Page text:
Effective Date of $5 Million Gift Tax Exemption; GST Planning Opportunities in 2010. The increased gift tax exemption takes effect on January 1, 2011.  Since the proposal sets a $5 million generation-skipping transfer tax exemption and zero percent rate for the 2010 year, it is possible to make direct skip gifts during the remainder of 2010 at no GST tax cost (although a gift tax would still be due for gifts in excess of $1 million).  Transferors should, however, remember to elect out of the automatic allocation of GST exemption to 2010 direct skip transfers, since any such allocation would be wasted on a transfer to which zero tax applies.  On the other hand, transferors should keep in mind that any "indirect skip," transfer in 2010, such as a transfer to a trust that benefits both children and grandchildren, would not be subject to GST tax in 2010 in any event: such trusts are subject to GST tax only upon making distributions to skip persons or upon termination.  It will be necessary, therefore, to allocate GST tax exemption to any such 2010 transfers in order to shield later distributions and terminations from tax, a process which should be eased by the fact that the exemption has been increased retroactively to $5 million per person.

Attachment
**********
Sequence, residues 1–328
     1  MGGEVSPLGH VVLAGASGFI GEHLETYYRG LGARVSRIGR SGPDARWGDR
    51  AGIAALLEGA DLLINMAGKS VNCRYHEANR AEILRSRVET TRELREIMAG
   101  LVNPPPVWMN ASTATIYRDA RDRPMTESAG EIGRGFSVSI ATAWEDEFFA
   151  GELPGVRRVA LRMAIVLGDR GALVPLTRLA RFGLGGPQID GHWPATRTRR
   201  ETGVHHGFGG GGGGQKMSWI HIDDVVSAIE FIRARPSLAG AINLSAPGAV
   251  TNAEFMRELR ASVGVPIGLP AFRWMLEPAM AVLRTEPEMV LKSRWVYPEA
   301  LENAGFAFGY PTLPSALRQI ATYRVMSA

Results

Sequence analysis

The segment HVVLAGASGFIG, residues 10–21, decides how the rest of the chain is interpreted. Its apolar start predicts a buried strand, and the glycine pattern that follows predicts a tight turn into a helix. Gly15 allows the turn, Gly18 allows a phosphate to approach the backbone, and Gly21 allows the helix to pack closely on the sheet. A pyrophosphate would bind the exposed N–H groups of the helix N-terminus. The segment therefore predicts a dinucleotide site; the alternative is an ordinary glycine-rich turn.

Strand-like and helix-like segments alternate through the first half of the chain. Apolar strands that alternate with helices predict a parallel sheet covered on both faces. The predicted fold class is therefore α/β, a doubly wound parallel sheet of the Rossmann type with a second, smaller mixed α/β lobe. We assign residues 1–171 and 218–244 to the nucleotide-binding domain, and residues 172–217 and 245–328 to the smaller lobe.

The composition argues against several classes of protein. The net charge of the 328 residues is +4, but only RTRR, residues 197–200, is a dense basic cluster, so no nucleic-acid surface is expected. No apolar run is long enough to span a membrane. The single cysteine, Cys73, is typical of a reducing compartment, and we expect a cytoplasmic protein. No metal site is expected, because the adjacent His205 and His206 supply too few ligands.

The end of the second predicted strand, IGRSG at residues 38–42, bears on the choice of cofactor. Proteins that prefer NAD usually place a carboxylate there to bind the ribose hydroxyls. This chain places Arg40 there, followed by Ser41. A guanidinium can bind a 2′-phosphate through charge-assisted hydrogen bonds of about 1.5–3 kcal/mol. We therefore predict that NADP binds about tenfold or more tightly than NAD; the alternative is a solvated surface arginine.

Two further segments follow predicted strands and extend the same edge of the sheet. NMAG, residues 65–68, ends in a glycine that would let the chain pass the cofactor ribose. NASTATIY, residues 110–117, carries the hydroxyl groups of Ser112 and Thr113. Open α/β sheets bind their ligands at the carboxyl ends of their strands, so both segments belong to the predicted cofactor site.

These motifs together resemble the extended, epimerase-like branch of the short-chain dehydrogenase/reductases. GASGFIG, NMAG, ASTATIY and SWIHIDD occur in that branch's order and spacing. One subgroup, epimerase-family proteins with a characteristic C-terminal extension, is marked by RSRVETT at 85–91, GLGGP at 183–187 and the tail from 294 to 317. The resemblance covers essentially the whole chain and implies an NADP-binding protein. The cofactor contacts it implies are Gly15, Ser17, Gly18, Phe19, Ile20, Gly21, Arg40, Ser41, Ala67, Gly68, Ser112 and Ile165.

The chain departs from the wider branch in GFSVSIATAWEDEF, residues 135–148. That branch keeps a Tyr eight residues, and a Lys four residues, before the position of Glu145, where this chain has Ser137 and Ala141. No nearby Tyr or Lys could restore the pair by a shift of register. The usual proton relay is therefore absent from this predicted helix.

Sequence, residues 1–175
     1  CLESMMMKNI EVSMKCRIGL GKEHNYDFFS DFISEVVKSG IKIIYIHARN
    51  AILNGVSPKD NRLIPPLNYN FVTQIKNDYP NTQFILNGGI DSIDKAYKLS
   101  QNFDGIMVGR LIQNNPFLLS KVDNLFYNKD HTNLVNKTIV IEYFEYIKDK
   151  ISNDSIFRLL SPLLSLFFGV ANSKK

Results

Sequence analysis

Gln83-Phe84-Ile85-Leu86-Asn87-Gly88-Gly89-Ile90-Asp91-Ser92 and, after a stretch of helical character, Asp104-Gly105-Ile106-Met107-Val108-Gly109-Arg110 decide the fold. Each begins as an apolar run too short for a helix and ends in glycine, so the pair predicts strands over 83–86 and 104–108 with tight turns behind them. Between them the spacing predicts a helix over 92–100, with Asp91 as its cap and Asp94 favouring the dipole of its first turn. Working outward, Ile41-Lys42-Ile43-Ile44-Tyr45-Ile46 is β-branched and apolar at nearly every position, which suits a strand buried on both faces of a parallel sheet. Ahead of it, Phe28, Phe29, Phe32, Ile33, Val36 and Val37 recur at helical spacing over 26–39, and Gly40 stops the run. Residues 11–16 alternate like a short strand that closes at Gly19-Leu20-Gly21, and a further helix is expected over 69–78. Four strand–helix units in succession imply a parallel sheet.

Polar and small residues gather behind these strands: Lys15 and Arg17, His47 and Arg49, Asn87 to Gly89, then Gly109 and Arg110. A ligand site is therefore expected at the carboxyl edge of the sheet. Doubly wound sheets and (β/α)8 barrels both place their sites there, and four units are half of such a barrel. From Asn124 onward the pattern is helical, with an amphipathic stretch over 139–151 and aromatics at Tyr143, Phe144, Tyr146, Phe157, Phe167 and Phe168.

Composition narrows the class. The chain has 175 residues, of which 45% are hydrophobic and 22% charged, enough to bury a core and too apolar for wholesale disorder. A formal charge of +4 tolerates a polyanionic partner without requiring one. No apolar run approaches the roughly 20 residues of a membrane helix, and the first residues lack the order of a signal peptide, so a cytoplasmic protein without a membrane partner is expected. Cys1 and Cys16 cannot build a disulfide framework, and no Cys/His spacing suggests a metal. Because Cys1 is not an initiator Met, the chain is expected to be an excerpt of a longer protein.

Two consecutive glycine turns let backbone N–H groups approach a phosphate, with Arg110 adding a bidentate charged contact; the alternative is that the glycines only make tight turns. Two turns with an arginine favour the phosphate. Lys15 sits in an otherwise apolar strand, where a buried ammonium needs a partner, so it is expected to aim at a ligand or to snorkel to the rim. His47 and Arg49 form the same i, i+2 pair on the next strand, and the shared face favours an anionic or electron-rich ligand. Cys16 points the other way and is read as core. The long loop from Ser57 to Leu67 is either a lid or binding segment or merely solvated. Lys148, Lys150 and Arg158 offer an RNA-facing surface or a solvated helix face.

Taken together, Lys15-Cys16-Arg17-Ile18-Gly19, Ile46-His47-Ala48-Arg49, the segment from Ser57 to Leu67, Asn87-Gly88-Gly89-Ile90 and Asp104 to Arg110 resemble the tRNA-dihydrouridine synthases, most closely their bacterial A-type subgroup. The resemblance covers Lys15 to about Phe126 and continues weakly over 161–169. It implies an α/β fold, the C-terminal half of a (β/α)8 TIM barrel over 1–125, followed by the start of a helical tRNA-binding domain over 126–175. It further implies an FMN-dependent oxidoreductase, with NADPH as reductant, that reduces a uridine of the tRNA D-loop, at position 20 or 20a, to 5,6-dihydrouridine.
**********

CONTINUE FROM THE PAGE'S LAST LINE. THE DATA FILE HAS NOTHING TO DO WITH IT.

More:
Reunification of the Estate and Gift Taxes.  Under EGTRRA, the estate and gift taxes were "decoupled," so that, by December 31, 2009, the estate and GST tax exemptions were equal to $3.5 million per person ($7 million per couple), while the gift tax exemption remained at $1 million per person ($2 million per couple).  The proposal reunifies the estate and gift taxes, effective for gifts made after December 31, 2010.  Even if the "reunification" ends on schedule on December 31, 2012, there will be a two-year window to transfer up to $10 million per couple during life without further tax.
Portability of Unused Exemption.  Under current law, as it existed on December 31, 2009, in order to take full advantage of a husband's and wife's combined $7 million estate tax exemption, the first spouse's exemption amount would have to be held in a "credit shelter" or "bypass" trust, thus requiring complicated estate planning.  The proposal allows the executor of a deceased spouse's estate to transfer any unused exemption to the surviving spouse without creating a trust. The portability provision applies only with respect to "the last such deceased spouse of [the] surviving spouse," thus eliminating the possibility of accumulating exclusion amounts from serial marriages.  The portable amount also is not indexed for inflation.  Planners should be aware, however, that a bypass-type trust may still be useful for sheltering appreciation in assets placed in the trust, as well as for all of the reasons that trusts are typically used, such as creditor protection and divorce/second marriage protection.  For these reasons, among others, a bypass trust should always be included as an option that can be elected, via disclaimer, even with portability.  We note that the "portability" election  must be made on a return, which means that even estates that are not subject to tax will probably want to file a return to make the election.